by Jamie McGuire
Summary: When the world ends, can love survive?
For Scarlet, raising her two daughters alone makes fighting for tomorrow an everyday battle. Nathan has a wife, but can’t remember what it’s like to be in love; only his young daughter Zoe makes coming home worthwhile. Miranda’s biggest concern is whether her new VW Bug is big enough to carry her sister and their boyfriends on a weekend escape from college finals.
When reports of a widespread, deadly “outbreak” begin to surface, these ordinary people face extraordinary circumstances and suddenly their fates are intertwined. Recognizing they can’t outrun the danger, Scarlet, Nathan, and Miranda desperately seek shelter at the same secluded ranch, Red Hill. Emotions run high while old and new relationships are tested in the face of a terrifying enemy—an enemy who no longer remembers what it’s like to be human.
Set against the backdrop of a brilliantly realized apocalyptic world, love somehow finds a way to survive. But what happens when the one you’d die for becomes the one who could destroy you?
Red Hill grabs you from page one and doesn’t let go until its stunning conclusion. This is #1 New York Times bestselling author Jamie McGuire at her unforgettable best.
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Source: I purchased a paperback.
Red Hill was a decent read. I liked the plot, the progression of the story, and the characters for the most part. I love apocalyptic fiction and I am a fan of zombie novels, so I knew Red Hill would be right up my alley. I like the author’s other books, though I don’t think their strength lies in the writing, so I was curious to see how the author handled more of horror setting than a romance.
I enjoyed the book and finished it fairly quickly. I was invested in the characters and I wondered how some of the interpersonal conflicts would resolve themselves. I wondered who would survive and who would perish. But if I am being honest, I don’t think Red Hill did anything particularly well or outstanding. I mean, it wasn’t a bad novel and there wasn’t anything terrible about it by any means. It was written better than I expected and I was invested in the story, as I said. But it contributes basically nothing to the genre in my opinion.
Perhaps part of me is desensitized to the genre, which is very much a possibility. But the zombies and the zombie conflict was bland in the grand scheme of things. Yeah, they were gross and slow and there were tons of scenes where they were killed in various ways, but it was all sort of… dull. There was nothing about the writing or the story that brought anything new to the table or creeped me out or was particularly horrifying. I wasn’t expecting World War Z kind of horrifying and amazing descriptions, but they still fell short of what I was hoping for.
I think in order to write a memorable zombie novel, there has to be something about it that sets it apart. If the author was going for more a tale of survival in a broken world, then the characters would have needed to be the strongest factor, but the threat of the zombies would have been equally important to make the reader scared for the characters (life hanging in the balance). Nothing about the writing had me clutching the book, whether in fear of the zombies or fear for the lives of the characters.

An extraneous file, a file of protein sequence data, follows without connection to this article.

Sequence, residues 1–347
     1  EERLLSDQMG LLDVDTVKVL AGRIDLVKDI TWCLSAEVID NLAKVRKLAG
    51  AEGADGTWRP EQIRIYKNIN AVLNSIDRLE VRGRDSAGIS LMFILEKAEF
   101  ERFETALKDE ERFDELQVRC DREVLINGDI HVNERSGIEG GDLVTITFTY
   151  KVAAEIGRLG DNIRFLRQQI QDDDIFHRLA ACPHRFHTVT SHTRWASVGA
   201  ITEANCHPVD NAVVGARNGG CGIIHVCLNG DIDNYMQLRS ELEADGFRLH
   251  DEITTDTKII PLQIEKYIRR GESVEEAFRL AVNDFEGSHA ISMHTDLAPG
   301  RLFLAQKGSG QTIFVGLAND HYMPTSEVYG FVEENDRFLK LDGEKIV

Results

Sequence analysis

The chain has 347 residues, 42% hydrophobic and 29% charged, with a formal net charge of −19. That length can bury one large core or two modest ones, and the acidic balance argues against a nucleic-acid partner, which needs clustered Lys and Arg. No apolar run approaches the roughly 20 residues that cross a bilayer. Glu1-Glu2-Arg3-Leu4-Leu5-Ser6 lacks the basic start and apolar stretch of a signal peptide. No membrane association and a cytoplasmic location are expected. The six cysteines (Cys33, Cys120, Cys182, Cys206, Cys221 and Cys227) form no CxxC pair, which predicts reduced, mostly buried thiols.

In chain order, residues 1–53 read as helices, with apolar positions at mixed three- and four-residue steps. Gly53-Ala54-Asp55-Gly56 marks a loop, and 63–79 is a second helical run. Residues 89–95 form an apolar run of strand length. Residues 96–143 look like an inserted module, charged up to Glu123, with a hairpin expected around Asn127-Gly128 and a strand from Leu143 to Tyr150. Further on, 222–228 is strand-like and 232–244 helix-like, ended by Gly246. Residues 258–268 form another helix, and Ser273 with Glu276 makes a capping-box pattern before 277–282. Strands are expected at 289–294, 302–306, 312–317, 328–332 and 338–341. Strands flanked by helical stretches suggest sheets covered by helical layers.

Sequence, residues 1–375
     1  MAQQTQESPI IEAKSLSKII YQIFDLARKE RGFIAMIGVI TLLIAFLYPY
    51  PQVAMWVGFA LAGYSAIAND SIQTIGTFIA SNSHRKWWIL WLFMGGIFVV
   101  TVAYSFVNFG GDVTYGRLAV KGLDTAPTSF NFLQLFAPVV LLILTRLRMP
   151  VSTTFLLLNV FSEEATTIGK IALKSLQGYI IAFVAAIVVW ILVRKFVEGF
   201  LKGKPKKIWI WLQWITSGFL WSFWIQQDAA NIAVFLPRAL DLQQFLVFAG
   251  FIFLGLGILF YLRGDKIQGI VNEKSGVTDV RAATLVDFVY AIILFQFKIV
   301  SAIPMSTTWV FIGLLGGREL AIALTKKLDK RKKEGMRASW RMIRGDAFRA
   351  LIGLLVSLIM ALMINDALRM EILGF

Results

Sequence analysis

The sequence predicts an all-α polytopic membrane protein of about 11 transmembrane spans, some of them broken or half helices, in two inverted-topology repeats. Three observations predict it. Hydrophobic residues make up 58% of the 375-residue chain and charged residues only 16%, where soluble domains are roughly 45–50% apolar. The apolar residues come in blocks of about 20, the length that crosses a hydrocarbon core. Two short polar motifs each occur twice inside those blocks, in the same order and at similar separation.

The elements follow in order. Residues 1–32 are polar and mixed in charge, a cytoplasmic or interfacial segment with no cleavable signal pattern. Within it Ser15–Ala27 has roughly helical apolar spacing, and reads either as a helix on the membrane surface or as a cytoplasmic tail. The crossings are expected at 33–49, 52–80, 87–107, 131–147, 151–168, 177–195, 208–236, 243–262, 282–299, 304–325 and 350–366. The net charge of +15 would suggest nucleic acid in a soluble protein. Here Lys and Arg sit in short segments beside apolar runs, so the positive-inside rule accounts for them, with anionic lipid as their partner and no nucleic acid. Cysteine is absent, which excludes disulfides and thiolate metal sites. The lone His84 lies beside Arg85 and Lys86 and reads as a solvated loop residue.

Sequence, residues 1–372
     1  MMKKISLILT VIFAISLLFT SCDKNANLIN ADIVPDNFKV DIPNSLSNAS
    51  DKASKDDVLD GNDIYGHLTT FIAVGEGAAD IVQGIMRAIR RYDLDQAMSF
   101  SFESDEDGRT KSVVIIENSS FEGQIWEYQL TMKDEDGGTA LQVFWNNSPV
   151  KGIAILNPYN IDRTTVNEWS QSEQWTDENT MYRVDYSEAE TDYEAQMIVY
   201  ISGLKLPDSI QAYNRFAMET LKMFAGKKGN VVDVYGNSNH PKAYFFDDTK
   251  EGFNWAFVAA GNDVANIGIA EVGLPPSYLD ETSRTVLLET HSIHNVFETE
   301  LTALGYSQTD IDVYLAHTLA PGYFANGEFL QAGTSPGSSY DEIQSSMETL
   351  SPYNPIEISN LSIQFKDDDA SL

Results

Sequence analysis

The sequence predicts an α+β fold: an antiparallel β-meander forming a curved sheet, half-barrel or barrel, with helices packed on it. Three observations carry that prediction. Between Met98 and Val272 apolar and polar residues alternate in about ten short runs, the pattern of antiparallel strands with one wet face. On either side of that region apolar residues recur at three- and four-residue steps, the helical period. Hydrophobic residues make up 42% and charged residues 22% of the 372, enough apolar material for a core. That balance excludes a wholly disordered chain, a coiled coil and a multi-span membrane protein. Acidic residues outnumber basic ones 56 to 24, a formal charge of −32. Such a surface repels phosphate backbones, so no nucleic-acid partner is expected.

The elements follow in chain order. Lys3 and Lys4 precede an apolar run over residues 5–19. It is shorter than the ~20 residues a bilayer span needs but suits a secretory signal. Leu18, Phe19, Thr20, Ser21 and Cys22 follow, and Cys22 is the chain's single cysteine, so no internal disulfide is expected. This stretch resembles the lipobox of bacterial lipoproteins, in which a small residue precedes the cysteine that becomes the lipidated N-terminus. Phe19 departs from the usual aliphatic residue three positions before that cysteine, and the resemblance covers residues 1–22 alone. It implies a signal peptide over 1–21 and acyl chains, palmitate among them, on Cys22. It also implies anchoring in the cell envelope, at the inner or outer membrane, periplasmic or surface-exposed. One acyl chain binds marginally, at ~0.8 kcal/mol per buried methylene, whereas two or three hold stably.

Perhaps Red Hill is just a book that shows me how strangely I categorize my novels and serves as a good example of what kind of reader and reviewer I am. In a romance, I’m more apt to accept norms and go with the flow. I’ll settle for predictable plots and more telling vs showing if I still end up caring about the relationship and the characters involved. But when it comes to any other genre, especially fantasy, sci fi, or apocalyptic novels, I find the flaws far more noticeable and I demand much more from the author. I need more character building, more storytelling, more world building, and much stronger writing capabilities than I require my romances to have. And Red Hill was too weak for me.
Red Hill was not a bad novel and it wasn’t badly written or anything like that. But for the genre, I thought it was weak. There was nothing that set it apart, so it lacked originality. Everything about it has been done before and the areas that it could have excelled in just weren’t done well enough to blow me away. There was a lot of telling instead of showing throughout the novel, which left it with a dull feeling overall.
I do think that it serves as a good novel to introduce people into the apocalyptic genres, especially because I know fans of the Beautiful Disaster series will read it. Romance fans who typically avoid horror/scifi/fantasy may find it to be great and might pick up some more novels with amazing settings as a result. The book definitely has a market. But if you are already a fan of zombies, apocalypses, horror, or stories of survival in a bleak world, you’re probably safe skipping this one.
Labels: Post Apocalyptic, Review